In Rome, there is a secret keyhole, one that if looked through, holds a secret that should only live in fantasy.
I could not believe what I was seeing. I was crouched down in front of a beautiful white facade with ferns dangling from the top, otherwise quite unassuming compared to the rest of Rome. I squinted with one eye, my tongue poking from my lips as I tried to concentrate on keeping my balance while I peered through what looks like a normal ole’ keyhole in an ornate door.
But there was nothing ordinary about this keyhole.
The door was of metal and wood, painted in a deep forest green that had chipped away in great big chunks leaving it scarred. The keyhole was through an elaborate chunk of metal in the door which fanned out into a flame-like design. Sure, it was interesting, but passing by it I would have never thought something fantastical lay beyond on the other side. Some secret garden with something unbelievable to behold.
Through that keyhole, past the aged and rusting hammered iron, through the blackness of the innards of the door — there was a tunnel of hedges inside a garden, and in the distance as your sight travels through that mysterious garden and its hedge tunnel, you see what had me so astonished.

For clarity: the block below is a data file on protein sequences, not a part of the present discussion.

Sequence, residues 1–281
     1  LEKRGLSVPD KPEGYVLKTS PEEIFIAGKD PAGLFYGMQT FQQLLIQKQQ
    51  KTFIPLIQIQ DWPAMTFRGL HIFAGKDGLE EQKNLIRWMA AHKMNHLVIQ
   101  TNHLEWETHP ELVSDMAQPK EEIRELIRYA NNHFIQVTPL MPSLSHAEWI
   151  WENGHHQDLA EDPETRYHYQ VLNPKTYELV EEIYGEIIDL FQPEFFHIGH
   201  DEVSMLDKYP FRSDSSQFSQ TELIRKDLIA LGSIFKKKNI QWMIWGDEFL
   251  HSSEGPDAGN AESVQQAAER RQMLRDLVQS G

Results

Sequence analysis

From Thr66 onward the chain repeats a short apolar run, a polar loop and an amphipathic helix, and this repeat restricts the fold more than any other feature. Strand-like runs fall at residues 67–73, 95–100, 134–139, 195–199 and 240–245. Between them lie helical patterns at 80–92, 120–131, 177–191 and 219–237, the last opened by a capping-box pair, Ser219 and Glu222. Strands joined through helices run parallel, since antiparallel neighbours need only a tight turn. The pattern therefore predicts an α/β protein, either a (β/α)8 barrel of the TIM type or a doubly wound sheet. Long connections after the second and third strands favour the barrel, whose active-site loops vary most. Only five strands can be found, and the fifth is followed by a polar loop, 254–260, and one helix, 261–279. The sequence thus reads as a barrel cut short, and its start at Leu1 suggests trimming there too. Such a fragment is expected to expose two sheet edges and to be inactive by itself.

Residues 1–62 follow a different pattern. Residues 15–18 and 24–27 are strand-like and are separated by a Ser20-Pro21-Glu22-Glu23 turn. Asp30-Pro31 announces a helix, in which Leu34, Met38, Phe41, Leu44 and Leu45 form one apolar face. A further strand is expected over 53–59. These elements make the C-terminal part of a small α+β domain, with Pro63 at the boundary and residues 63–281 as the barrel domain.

There it was, Saint Peter’s Basilica far off into the distance, and the keyhole and path of the hedges was a direct line of sight across the entire city of Rome.
Villa del Priorato di Malta is a 10th-century Benedictine Monastery that had been passed down to the Knights Templar, and after their order was destroyed during the inquisition, it passed to the Knights Hospitallers — the predecessor to the Sovereign Military Order of Malta. The Knight of Malta is the oldest surviving order of chivalry, and the villa is one of two locations of the order granted extraterritorial status.
HOW TO FIND IT: If you are looking to check out the Villa Malta, the map is below. To take a good photo it is extremely hard because there may be many people crowded around, also if you have a DSLR, bring a tripod. This photo was taken with my iPhone and I did not even know I had snapped a clear photo after failing with my DSLR.
*This was a stop on one of my Walks of Italy tours. To see other sights from the tour, check them out HERE. As always, my thoughts, reactions, and use of the word “gnarly” are my own*